Sauquet, Hervé , Cantrill, David J. , Weston, Peter H. , Barker, Nigel , Mast, Austin , Savolainen, Vincent .
Bringing together the living and the dead: Integrating extant and fossil biodiversity in evolutionary studies of Proteaceae (Proteales).
Family Proteaceae comprise 80 genera and over 1700 species of mostly woody angiosperms from a wide range of temperate and tropical habitats in the Southern Hemisphere. With a particularly rich fossil record throughout southern Gondwana extending back to the mid-Cretaceous, they represent an ideal model to test biogeographic hypotheses, in particular with respect to the origin of biodiversity hotspots with a Mediterranean climate. Here we summarize the results of a family-wide survey of morphological variation across the extant Proteaceae. Over 100 characters are evaluated and optimized onto a supertree of phylogenetic relationships within Proteaceae, constructed from several multi-locus molecular analyses. With respect to pollen morphology, this study highlights the phylogenetic potential of ultrastructural characters in Proteaceae and high levels of homoplasy and polymorphism in other characters including pollen shape and tectum sculptural patterns. In particular, the presence of abundant endexine in the apertural region coincides with the emergence of Grevilleoideae, the largest subfamily of Proteaceae, in contrast with a distinct plesiomorphic type observed in Persoonioideae and Proteoideae. This framework of morphological evolution is used to re-assess the affinities of selected macro- and microfossils that have been assigned to the Proteaceae. In cases such as the fossil inflorescences of Musgraveinanthus, we confirm that a unique combination of apomorphies allows narrowing down the possibilities to a small clade nested in the family. Conversely, we demonstrate that leaf impressions described as Lomatia and several palynomorphs assigned to specific extant genera may in fact be compatible with multiple alternative, equally parsimonious placements on the phylogeny. These results are essential to discriminate among multiple uses that may be made of the fossil record, where only very few fossil taxa are suitable to calibrate molecular dating analyses while the rest holds great potential to corroborate biogeographic scenarios drawn from other sources.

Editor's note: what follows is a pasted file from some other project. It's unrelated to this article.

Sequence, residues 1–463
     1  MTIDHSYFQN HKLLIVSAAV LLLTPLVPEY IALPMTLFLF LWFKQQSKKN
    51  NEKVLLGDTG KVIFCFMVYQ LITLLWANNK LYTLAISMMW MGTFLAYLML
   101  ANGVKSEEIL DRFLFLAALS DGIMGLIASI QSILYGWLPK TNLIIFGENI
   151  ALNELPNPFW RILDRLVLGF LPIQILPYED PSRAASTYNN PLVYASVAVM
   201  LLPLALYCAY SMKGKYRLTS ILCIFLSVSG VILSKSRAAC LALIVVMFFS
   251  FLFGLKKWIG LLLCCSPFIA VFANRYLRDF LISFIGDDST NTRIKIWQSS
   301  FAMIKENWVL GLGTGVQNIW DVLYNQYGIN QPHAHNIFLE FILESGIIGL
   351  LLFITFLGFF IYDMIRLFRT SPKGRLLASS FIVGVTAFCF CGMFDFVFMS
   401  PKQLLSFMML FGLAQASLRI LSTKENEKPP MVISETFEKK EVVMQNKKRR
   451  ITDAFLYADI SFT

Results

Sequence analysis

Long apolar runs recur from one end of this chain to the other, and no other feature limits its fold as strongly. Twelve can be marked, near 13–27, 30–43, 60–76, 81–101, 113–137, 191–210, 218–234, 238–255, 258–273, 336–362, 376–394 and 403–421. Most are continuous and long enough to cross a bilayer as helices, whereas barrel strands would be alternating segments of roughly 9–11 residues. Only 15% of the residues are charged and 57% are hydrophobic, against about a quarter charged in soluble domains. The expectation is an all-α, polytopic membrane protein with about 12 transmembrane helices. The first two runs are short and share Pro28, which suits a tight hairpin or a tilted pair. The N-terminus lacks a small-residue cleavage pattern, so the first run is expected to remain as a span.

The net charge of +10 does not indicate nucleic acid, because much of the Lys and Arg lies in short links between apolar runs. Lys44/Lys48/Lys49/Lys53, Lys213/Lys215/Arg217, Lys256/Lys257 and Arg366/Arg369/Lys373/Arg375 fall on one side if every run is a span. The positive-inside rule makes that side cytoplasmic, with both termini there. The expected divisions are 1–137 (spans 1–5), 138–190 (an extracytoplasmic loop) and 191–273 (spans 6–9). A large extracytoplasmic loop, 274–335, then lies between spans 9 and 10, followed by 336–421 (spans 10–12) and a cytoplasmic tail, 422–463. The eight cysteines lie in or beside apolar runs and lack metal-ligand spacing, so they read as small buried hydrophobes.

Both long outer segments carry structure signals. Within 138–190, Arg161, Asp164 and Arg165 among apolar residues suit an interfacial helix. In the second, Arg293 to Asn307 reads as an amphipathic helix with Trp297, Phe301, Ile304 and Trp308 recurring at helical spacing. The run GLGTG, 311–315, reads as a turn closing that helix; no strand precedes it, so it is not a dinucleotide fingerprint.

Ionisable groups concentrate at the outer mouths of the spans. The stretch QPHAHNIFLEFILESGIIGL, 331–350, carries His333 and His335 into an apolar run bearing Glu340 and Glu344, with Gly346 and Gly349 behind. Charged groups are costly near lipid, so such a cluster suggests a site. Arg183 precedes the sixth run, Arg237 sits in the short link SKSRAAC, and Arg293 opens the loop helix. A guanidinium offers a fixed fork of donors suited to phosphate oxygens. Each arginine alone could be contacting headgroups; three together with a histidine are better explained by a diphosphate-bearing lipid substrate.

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1 - Royal Botanic Gardens, Kew, Jodrell Laboratory, Richmond, TW9 3DS, United Kingdom
2 - Royal Botanic Gardens, Melbourne, National Herbarium of Victoria, Private Bag 2000, South Yarra, Victoria, 3141, Australia
3 - Royal Botanic Gardens, Mrs Macquaries Road, Sydney, New South Wales, 2000, Australia
4 - Rhodes University, Department of Botany, Molecular Ecology & Systematics Group, Grahamstown, Eastern Cape, 6140, South Africa
5 - Florida State University, Department of Biological Sciences, Tallahasse, Florida, 32306-1100, USA
6 - Royal Botanic Gardens, Kew, Jodrell Laboratory, Molecular Systematics Section, Richmond, Surrey, TW9 3DS, United Kingdom
Presentation Type: Oral Paper:Papers for Sections
Location: Williford A/Hilton
Date: Monday, July 9th, 2007
Time: 11:30 AM